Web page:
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SEO Web Design, LLC / Web Design  / Web Technologies and Syntax

Web Technologies and Syntax

I feel like CUBE CSS[1] has already made the rounds on the internet, but I’m catching up via RSS so news moves slower relative to me. While the approach outlined in that post was interesting, one thing that stood out to me had nothing to do with the practical suggestions behind CUBE CSS. Rather, it was this paragraph that rattled around in my brain for a while.

CSS is an incredibly complex programming language to learn because so much of the working knowledge is less of syntax and more how things work…

With all the hype around ES5, then ES6, now ES7-8-9 (whatever we’re up to now), there’s been a lot of focus on syntax and language features in JavaScript. That probably has something to do with why it has received so much attention, it’s like the cable news of web technologies: news 24/7. Meanwhile, CSS is over here like a weekend newspaper in print, trying to muster up to CSS4[2] (essentially as a marketing ploy of sorts) which makes you feel like it’s really just trying to play keep-up with the JavaScript Joneses.

Let me give an example of what I’m trying to get at: one of the most common problems for anyone who has written JavaScript is this error:

Uncaught TypeError: Cannot read property ___ of undefined,

So how do you go about fixing this error? A modern answer might be, “just use optional chaining[3]!” A little syntax and all your problems are solved.

What’s the CSS equivalent in terms of an incredibly pervasive problem? It’s got to be something to do with specificity, right? Turns out, in CSS there’s a language feature to solve all your specificity problems too: “just use !important!” A little syntax and all your problems are solved.

But wait.

Anyone familiar with CSS knows that using !important doesn’t always fix your problems. In fact, it might just cause you more problems. Ditto for optional chaining in JavaScript, it might cause you more problems than it fixes (we just don’t know it yet since it hasn’t been around long enough).

I’m not saying the optional chaining syntax was bad and should have never been introduced. However, I do think there’s something in the observation that optional chaining, while useful in certain circumstances, could too easily be used as a lazy catch-all for problems inherent to JavaScript. To quote the CUBE CSS article: it’s less about syntax and more about how things work. I quote from Corey House’s tweet thread[4]:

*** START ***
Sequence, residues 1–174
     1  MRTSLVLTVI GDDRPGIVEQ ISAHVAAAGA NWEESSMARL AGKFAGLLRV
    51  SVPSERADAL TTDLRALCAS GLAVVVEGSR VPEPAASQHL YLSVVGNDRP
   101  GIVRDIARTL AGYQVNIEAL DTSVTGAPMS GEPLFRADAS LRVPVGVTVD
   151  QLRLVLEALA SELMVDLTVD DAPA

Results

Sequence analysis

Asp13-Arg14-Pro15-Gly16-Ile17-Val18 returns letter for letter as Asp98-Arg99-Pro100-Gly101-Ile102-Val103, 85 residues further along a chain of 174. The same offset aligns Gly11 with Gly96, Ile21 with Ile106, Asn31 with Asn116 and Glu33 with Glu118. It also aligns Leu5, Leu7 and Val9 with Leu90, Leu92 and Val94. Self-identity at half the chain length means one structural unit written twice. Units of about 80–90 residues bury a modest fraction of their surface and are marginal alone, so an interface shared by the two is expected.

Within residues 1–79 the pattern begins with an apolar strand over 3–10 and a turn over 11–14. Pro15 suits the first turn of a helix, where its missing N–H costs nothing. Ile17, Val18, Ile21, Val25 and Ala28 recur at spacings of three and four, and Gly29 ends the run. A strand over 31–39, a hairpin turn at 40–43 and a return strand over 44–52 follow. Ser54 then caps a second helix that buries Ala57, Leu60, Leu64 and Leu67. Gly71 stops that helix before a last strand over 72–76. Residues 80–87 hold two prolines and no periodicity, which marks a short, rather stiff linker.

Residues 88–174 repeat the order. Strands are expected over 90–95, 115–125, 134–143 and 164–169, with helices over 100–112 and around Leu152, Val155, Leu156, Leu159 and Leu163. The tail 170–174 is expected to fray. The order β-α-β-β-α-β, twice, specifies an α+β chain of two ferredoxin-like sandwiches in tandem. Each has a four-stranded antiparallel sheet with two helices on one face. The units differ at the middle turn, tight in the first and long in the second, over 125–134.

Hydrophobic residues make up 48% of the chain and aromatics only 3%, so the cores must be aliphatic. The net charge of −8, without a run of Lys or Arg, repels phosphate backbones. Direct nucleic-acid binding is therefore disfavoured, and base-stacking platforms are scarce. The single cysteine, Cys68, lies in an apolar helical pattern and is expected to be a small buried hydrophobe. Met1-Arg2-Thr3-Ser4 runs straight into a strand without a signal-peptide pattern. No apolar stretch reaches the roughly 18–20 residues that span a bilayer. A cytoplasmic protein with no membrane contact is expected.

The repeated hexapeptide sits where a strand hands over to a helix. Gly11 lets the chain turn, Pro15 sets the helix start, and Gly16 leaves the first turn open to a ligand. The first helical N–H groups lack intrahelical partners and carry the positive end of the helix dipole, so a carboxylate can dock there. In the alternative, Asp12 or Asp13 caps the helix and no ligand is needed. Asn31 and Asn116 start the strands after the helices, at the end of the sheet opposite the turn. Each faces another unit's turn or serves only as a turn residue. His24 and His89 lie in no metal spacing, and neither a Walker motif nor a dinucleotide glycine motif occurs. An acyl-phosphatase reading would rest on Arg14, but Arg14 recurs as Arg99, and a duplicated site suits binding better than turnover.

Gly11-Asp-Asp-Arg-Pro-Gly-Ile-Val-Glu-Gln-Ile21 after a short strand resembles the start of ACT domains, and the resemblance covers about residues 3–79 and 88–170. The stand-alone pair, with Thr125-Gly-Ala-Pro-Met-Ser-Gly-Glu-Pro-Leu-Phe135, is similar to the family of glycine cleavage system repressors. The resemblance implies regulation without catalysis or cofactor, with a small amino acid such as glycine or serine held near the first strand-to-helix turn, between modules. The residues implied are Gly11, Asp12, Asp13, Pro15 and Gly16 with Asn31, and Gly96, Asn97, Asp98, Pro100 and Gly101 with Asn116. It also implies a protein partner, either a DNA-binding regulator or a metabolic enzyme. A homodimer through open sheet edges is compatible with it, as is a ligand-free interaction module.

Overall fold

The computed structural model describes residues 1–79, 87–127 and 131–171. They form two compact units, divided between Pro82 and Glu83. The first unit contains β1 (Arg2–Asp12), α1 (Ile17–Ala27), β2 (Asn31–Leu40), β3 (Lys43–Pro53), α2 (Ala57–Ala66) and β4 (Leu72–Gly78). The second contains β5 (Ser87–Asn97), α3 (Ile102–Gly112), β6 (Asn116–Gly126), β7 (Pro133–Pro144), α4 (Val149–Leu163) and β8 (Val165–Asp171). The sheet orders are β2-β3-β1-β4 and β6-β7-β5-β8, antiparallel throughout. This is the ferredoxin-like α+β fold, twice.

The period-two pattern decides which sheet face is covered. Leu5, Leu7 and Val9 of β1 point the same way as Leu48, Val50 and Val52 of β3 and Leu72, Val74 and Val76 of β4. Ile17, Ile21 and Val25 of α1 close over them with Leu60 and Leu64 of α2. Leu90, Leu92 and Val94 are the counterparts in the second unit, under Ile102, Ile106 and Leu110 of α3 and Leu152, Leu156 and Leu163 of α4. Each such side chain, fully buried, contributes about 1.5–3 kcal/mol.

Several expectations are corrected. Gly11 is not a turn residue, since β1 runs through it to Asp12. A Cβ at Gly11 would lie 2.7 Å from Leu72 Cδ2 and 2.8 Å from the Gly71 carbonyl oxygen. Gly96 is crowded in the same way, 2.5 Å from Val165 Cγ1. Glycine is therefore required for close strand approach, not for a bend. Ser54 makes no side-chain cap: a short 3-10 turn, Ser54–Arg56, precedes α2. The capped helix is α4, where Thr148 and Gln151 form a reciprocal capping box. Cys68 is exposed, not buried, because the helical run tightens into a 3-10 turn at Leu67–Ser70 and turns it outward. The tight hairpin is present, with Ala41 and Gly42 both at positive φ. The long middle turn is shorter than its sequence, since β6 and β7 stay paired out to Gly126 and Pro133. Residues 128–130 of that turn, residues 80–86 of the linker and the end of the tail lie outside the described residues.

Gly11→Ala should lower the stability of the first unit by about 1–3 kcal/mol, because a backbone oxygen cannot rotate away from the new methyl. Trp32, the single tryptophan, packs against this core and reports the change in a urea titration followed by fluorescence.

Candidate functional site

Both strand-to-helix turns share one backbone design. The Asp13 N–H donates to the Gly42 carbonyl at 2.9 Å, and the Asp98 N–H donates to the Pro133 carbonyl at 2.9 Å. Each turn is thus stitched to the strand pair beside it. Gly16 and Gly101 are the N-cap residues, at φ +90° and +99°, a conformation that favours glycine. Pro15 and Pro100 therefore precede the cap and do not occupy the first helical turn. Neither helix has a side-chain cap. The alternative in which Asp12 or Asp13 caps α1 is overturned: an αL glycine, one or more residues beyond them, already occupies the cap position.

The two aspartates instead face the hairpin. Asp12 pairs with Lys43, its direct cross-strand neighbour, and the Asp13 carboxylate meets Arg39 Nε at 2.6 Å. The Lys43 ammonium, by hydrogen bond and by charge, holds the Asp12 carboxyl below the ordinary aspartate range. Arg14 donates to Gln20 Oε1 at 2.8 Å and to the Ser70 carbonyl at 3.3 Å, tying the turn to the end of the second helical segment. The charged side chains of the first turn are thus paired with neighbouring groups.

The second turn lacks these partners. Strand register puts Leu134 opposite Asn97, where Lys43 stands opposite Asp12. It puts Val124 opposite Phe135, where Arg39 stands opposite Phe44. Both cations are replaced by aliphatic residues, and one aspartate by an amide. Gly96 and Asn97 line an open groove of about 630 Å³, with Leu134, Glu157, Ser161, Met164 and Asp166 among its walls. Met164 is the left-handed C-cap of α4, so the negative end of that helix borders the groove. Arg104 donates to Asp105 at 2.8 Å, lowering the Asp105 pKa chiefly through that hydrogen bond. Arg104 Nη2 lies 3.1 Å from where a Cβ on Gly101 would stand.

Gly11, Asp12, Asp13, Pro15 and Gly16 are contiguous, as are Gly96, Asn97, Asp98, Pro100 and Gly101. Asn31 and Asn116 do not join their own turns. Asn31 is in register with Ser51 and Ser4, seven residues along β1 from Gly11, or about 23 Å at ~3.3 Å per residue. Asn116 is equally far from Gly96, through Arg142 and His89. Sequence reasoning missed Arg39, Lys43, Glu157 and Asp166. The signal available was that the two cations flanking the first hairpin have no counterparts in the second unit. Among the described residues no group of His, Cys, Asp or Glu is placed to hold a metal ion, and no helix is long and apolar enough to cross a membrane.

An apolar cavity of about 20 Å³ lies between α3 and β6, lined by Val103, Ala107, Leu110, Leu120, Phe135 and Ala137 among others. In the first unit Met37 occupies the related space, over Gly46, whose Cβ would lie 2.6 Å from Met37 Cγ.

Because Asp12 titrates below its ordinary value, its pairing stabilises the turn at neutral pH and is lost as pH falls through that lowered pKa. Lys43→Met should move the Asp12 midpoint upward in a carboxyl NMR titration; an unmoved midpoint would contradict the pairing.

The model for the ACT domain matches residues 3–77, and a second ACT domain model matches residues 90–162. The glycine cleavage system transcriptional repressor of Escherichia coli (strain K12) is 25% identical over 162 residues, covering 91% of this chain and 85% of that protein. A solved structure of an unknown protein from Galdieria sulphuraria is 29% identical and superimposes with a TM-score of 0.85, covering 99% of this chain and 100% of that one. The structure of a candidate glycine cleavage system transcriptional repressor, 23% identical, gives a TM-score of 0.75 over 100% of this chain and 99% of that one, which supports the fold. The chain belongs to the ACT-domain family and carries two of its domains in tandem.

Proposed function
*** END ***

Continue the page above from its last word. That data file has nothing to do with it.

Hot take: Optional chaining encourages writing brittle code.

Example (currently a stage 1 JS feature): const data = myObj?.firstProp?.secondProp?.actualData

Instead, normalize object structures at the time of creation (in JS apps, that often means in API call response handler)

Checking for property existence every time we need to use an object leads to needless noisy code, and confusion about data structures. Instead, when instantiating objects, make sure they have consistent properties.

Summary: Consistent object structures help avoid bugs

For this reason…I believe [optional chaining] encourages writing redundant and needlessly defensive code. Centralized normalization is cleaner, easier to understand, and easier to maintain.

Note how optional chaining is kind of like the !important of CSS: its syntax solves helps get around one of the most pervasive problems inherent to the language but, if not used correctly, will lead to brittle code littered with its usage.

Syntax and language features won’t solve your problems—not in CSS, not in JS. Optional chaining doesn’t fix the problem of possibly undefined, deeply-nested values. It just quickly helps prevent the entire program from crashing to a halt. In fact, you could argue that people got along just fine without optional chaining for a long time. And sure, in some cases it’s probably very useful. However, like !important, it might just be a two-edged sword. You’d be better off addressing the root of the problem—solidifying the data promises of your app or normalizing and flattening the data coming in—than you would by using some nice syntax. In this way, you’ve solved the problem of the uncaught error instead of just working around it.

Zooming out for a minute, this is probably why single file components / CSS-in-JS are so popular: they are a form of guaranteeing encapsulation in your styles. Specificity run amok is the CSS equivalent of JavaScript’s “cannot read property ____ of undefined”. A lot of CSS-in-JS solutions attempt to solve the specificity problem for you through syntax, but in a lot of cases you lose the cascade part of CSS along the way. Styles get applied locally and inline vs. leveraging the cascade. It’s really more like Styles-in-JS (S-in-JS).

Which brings me back to the excerpt I quoted from the CUBE CSS article, which I would restate thus: web technologies (HTML, CSS, JS) are—despite their surface appearance—incredibly deep languages to learn well because so much of the working knowledge is less about syntax and more about how things work.

Think about it: HTML seems “simple” on the surface. It’s “just” a markup language, some text wrapped in tags. But if you go deeper than that, if you examine the grain of HTML, how it wants to be used, how it was designed to be used, you’ll see its proper usage is steeped in nuance and expertise. Entire books have been written on how to use HTML as the base grammar of the web, and to enhance from there. Same with CSS and JS.

So while that new blog post detailing the latest syntax or language additions appear to present a resolution to decades-long problems, the working knowledge of these languages are less about syntax and more about how things work.

References

  1. ^ CUBE CSS (piccalil.li)
  2. ^ muster up to CSS4 (css-tricks.com)
  3. ^ optional chaining (developer.mozilla.org)
  4. ^ tweet thread (twitter.com)

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